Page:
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What Is a Government Subsidy?
Government subsidies are financial grants extended by the government to private institutions or other public entities, in order to stimulate economic activity or promote activities that are in the public good. Subsidies encourage private companies to undertake economic activities and business ventures that the government sees as in the public’s best interest.
Government spending on subsidies affects every sector of the global economy. Subsidies are provided by both federal or national governments and local governments. The United States is technically a free market, but direct subsidies provided by the U.S. government influence market prices and economic growth greatly.
5 Common Types of Government Subsidies
Subsidies take many different forms but can be divided into five broad categories.
- Export subsidies. An export subsidy is when the government provides financial support to companies for the purpose of exporting goods to sell internationally. An export subsidy is implemented once the good is exported. The exporter will report the volume of exports to the government, who will, in turn, compensate them. Export subsidies can be used to boost the trade surplus or decrease a trade deficit for the country undertaking the subsidy. The World Trade Organization (WTO) currently does not allow most export subsidies but does allow some subsidy programs run by the United States federal government to help American farmers compete with foreign exporters.
- Agriculture subsidies. Federal governments, including the U.S., subsidize their agricultural industries, often to protect domestic food prices. For example, the U.S. federal government used a price support program in which it paid farmers to keep production down in order to make sure that supply kept pace with demand, helping to stabilize food prices and ensure food production wasn’t wasted.
- Oil subsidies. Oil subsidies are designed to bring down the price of oil for consumers. Oil subsidies have historically accounted for a large percentage of the U.S. annual federal budget since World War I, though President Barack Obama reduced oil subsidies during his time in office.
- Housing subsidies. Housing subsidies help give citizens the opportunity to own homes by providing interest rate subsidies and down payment assistance. The most common interest rate subsidy that homeowners utilize is the mortgage interest deduction, which is a reduction in taxes calculated annually on federal income returns. The government also provides financial assistance in the form of matching funds for low-income families who are saving up for a down-payment.
- Healthcare subsidies. One of the largest portions of the U.S. federal budget, nearly 26% in 2017, is allocated toward providing direct healthcare subsidies to Americans via programs like Medicare, Medicaid, and CHIP. Other forms of government healthcare subsidies include funding medical research and paying for prescription drug development and trials.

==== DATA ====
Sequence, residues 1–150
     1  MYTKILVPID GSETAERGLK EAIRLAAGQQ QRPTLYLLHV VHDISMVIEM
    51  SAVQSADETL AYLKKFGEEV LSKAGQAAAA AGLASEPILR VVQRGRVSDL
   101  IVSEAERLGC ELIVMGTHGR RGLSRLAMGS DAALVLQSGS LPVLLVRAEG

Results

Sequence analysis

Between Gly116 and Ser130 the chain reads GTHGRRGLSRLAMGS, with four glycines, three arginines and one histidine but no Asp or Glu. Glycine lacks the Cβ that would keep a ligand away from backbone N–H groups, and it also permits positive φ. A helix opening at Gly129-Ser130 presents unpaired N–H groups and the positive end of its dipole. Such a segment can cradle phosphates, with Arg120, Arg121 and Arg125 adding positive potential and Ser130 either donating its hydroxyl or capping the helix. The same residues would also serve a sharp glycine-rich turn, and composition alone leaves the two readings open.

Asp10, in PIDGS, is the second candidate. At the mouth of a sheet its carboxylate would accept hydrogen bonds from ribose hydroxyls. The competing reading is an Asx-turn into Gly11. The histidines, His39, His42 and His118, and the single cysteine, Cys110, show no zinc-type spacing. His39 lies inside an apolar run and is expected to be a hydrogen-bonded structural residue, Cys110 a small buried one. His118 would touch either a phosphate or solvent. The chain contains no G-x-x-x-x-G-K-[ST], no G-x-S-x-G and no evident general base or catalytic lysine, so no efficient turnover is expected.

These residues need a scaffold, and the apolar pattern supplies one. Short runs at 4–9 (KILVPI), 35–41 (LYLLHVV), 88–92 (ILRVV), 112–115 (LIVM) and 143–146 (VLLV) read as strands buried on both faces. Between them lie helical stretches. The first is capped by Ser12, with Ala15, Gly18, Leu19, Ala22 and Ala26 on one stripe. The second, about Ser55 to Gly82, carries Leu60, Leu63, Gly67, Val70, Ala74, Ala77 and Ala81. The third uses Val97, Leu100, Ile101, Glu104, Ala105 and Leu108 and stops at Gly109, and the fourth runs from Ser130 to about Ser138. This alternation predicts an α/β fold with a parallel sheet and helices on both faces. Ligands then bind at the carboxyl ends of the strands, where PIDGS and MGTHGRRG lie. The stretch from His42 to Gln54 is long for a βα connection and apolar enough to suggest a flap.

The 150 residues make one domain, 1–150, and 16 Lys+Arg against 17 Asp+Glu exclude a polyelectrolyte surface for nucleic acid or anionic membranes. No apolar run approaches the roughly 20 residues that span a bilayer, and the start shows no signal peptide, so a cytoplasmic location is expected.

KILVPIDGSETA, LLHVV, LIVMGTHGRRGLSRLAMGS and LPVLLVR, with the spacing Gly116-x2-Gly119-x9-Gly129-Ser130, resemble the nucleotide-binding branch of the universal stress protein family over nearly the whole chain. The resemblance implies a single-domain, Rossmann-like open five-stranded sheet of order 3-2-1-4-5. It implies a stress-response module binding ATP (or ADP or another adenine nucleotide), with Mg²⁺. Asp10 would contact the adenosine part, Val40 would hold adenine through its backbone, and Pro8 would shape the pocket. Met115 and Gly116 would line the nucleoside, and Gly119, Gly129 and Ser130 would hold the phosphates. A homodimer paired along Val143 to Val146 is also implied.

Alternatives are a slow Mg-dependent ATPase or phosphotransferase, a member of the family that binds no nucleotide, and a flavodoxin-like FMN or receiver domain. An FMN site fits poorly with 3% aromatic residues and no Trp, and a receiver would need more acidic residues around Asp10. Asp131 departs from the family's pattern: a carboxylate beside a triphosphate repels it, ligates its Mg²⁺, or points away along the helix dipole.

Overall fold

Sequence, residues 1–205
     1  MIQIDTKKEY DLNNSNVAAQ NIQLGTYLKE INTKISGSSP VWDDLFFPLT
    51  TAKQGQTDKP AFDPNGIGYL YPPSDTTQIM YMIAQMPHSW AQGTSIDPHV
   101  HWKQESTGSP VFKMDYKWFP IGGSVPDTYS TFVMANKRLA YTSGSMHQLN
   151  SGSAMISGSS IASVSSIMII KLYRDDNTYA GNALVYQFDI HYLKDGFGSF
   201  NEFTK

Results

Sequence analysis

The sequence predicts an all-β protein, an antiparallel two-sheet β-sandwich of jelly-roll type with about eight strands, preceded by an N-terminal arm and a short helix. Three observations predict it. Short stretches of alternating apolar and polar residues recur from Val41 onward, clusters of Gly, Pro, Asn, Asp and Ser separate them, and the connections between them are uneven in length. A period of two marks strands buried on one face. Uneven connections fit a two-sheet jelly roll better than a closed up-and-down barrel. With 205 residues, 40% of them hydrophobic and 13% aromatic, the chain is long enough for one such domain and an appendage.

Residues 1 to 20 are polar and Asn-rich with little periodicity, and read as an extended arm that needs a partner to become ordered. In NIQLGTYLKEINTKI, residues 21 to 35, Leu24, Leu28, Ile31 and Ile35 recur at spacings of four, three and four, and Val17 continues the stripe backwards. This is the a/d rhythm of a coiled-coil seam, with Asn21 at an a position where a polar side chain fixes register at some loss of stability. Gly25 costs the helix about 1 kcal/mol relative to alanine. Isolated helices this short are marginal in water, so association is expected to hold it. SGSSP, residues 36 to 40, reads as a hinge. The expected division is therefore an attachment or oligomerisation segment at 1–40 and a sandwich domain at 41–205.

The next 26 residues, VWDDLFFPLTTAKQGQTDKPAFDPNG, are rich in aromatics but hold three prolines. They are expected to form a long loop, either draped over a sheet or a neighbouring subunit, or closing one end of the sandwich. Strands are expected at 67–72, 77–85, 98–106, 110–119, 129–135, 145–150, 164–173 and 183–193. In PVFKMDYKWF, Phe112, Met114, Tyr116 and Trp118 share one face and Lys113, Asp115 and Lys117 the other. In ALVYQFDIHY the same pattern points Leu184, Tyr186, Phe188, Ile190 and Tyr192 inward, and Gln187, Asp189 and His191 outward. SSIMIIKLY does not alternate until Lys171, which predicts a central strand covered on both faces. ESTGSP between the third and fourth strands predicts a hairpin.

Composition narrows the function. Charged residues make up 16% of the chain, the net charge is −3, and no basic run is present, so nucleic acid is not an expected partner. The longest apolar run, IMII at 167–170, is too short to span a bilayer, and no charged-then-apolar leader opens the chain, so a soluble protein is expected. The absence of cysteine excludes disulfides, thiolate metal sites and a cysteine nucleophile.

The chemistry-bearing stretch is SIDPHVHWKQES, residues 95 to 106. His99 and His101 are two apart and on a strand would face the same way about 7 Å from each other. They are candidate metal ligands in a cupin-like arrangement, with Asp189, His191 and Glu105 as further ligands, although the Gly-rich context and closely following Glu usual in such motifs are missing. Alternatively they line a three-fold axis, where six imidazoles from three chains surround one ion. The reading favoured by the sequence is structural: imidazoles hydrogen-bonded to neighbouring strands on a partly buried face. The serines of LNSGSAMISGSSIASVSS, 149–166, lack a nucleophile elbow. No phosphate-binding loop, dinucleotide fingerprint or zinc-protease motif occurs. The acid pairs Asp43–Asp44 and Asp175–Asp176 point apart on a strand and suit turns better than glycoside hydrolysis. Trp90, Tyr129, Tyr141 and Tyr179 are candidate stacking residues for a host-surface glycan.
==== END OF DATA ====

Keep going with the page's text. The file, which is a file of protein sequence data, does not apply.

How Do Governments Distribute Subsidies?
Governments have many different methods of issuing subsidies. Depending on the targeted sector and the type of recipient, the subsidy will come in one of the following forms:
- Cash subsidies. Cash subsidies simply entail the government giving a sum of cash directly to a business or organization. One example of a common cash subsidy in the U.S. can be found in the renewable energy industry—cash subsidies are given to private businesses in the renewable energy sector to stimulate the growth of that industry.
- Tax concessions. Tax concessions occur when the government lessens the tax burden on a company or industry. Often this takes the form of tax credits or incentives when certain obligations are met. Tax concessions are a very common form of subsidy that large corporations, small businesses, and individuals alike take advantage of every year.
- Assumptions of risk. This type of subsidy generally takes the form of government loans to businesses with extremely favorable terms for the recipient. The government will lend out money to companies in industries it wishes to subsidize with interest rates that are sometimes lower than the government’s cost of borrowing.
- Government purchase policies. Government purchase policies entail the government purchasing products directly from producers. In the U.S., a large portion of government purchases is involved in agriculture subsidies. Historically, the U.S. government has made it a priority to purchase large amounts of crops from farmers in order to incentivize production and keep a reserve on hand in case of natural disaster or drought.
- Stock purchases. Occasionally, government subsidies will take the form of stock purchases in order to keep a company’s stock price above a certain level. This sort of subsidy can sometimes be undertaken during an economic emergency in order to keep massive corporations afloat.
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